From: Our Nation Unhinged: The Human Consequences of the War on Terror, by Peter Jan Honigsberg.
In the fall of 2003, attorney Tom Wilner needed to persuade the justices of the Supreme Court that it was in their interest to take the case of a dozen Kuwaiti detainees being held in isolation in Guantanamo Bay, Cuba, without charges, without a hearing and without access to a lawyer.
Wilner used three arguments in his elegant petition to the court. He argued that, under the Constitution, the courts have a critical role in striking a balance between the president’s need to protect our nation’s security and the people’s need to protect the in fundamental right to a fair hearing with a lawyer present, before a neutral decisionmaker.
Wilner further argued that the administration’s mistreatment of the detainees and the denial of their rights under law had become an international embarrassment. Here was the opportunity for the Supreme Court to make it right.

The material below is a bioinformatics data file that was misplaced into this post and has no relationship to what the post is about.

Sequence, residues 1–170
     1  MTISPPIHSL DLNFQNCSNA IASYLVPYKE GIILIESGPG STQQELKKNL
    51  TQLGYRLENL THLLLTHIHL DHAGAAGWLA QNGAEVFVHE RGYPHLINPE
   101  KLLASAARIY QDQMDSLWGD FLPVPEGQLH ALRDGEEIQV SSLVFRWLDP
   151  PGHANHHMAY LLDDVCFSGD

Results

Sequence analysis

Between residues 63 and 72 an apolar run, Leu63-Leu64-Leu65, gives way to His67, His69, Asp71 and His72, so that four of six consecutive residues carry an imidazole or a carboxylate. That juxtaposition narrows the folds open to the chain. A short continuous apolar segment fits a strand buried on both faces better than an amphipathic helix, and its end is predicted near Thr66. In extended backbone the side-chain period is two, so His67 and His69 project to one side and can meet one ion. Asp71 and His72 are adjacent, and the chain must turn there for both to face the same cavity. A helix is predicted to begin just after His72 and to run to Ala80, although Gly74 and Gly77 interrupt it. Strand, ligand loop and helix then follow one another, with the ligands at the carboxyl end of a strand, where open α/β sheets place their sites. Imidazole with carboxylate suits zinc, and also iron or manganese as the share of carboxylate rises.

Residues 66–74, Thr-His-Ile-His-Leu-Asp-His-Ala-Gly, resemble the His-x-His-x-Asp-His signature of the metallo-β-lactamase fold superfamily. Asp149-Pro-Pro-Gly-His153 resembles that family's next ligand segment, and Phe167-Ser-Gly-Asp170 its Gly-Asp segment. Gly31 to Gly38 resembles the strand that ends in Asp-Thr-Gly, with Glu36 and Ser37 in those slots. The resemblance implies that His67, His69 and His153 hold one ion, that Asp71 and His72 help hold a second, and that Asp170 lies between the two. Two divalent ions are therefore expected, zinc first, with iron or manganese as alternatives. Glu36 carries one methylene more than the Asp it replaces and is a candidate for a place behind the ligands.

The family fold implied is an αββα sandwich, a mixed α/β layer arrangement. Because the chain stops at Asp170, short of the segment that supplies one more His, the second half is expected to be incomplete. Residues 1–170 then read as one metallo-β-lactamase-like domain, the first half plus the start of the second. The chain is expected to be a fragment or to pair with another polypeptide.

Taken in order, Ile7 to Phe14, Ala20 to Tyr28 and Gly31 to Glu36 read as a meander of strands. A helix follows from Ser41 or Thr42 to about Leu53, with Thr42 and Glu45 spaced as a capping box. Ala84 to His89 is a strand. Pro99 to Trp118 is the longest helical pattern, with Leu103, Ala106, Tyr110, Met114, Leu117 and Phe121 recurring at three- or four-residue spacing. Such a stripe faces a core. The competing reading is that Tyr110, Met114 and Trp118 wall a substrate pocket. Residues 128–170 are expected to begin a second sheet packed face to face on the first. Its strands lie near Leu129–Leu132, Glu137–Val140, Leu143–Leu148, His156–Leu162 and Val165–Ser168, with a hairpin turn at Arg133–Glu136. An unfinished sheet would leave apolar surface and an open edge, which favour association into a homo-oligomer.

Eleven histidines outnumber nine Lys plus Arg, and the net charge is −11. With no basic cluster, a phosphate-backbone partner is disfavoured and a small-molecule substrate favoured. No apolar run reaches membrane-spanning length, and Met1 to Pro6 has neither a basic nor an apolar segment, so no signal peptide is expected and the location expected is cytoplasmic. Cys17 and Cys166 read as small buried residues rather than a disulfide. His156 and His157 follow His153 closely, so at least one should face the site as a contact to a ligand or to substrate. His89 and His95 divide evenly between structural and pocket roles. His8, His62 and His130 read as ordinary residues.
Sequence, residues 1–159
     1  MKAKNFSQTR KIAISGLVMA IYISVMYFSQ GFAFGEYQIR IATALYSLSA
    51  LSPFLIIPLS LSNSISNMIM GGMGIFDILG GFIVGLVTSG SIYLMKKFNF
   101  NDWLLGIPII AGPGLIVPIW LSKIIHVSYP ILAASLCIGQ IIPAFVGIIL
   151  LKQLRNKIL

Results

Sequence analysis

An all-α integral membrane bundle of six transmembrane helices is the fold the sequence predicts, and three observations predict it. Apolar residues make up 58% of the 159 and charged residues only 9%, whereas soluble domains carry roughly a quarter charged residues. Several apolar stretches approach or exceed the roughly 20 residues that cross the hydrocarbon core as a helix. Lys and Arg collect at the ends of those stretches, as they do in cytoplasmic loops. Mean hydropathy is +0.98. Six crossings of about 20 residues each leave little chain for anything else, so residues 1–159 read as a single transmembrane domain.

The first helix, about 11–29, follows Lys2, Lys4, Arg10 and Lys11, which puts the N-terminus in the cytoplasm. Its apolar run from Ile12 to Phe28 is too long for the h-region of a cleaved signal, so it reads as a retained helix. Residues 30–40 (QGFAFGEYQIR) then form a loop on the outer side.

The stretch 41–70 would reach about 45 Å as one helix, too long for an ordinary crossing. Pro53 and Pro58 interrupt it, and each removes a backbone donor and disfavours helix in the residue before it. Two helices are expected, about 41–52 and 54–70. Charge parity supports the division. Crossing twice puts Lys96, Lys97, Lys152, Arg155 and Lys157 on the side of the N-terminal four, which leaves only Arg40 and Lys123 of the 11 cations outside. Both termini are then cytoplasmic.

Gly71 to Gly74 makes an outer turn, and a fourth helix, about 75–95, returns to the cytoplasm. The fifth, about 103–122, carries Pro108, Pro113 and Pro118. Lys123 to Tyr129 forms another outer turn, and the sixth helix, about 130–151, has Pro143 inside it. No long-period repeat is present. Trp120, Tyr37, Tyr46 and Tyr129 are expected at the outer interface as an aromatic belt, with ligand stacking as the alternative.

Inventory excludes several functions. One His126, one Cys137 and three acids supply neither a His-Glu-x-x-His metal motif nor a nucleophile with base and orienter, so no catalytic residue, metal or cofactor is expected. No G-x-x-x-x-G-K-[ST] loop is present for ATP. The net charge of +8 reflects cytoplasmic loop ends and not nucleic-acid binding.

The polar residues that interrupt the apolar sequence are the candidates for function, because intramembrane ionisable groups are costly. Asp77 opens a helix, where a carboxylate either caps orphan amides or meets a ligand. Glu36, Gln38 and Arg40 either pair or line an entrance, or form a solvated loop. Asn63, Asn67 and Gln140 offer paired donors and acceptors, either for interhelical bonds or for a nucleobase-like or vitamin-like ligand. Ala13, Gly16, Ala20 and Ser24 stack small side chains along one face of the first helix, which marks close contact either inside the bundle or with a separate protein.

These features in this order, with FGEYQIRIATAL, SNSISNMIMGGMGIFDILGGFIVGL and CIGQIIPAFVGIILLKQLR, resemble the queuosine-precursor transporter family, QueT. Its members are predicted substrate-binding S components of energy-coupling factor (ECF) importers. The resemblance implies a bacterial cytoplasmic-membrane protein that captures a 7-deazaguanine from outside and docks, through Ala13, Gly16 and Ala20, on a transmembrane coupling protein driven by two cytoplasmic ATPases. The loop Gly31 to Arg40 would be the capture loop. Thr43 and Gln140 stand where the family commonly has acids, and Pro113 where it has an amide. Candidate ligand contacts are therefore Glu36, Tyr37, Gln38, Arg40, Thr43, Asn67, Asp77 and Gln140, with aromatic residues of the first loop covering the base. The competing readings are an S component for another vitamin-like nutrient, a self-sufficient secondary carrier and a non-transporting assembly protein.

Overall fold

In his third argument, Wilner referred to the exam ple of the Cuban iguana. When the Cuban iguana crosses the Cuban border into Guantanamo, it is protected by American law, under the Endangered Species Act. However, the human beings held prisoner at Guantanamo were not protected under American law. Wilner concluded that if the Supreme Court does not review his clients’ cases, the Cuban iguana would have greater safeguards than human beings at Guantanamo.
The Supreme Court agreed to hear his case.
Professor Peter Jan Honigsberg’s book, Our Nation Unhinged: The Human Consequences of the War on Terror, is published by the University of California Press.